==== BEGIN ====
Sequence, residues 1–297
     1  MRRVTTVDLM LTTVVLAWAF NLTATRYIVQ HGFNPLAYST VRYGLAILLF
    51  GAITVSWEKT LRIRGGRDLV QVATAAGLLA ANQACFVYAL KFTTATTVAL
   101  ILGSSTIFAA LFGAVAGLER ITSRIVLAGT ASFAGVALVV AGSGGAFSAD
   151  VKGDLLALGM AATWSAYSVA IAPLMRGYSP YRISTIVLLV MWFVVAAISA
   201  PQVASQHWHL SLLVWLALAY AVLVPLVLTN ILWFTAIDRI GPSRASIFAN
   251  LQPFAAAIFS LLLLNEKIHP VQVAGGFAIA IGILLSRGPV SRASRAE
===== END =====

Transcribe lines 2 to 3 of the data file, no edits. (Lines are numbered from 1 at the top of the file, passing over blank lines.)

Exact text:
     1  MRRVTTVDLM LTTVVLAWAF NLTATRYIVQ HGFNPLAYST VRYGLAILLF
    51  GAITVSWEKT LRIRGGRDLV QVATAAGLLA ANQACFVYAL KFTTATTVAL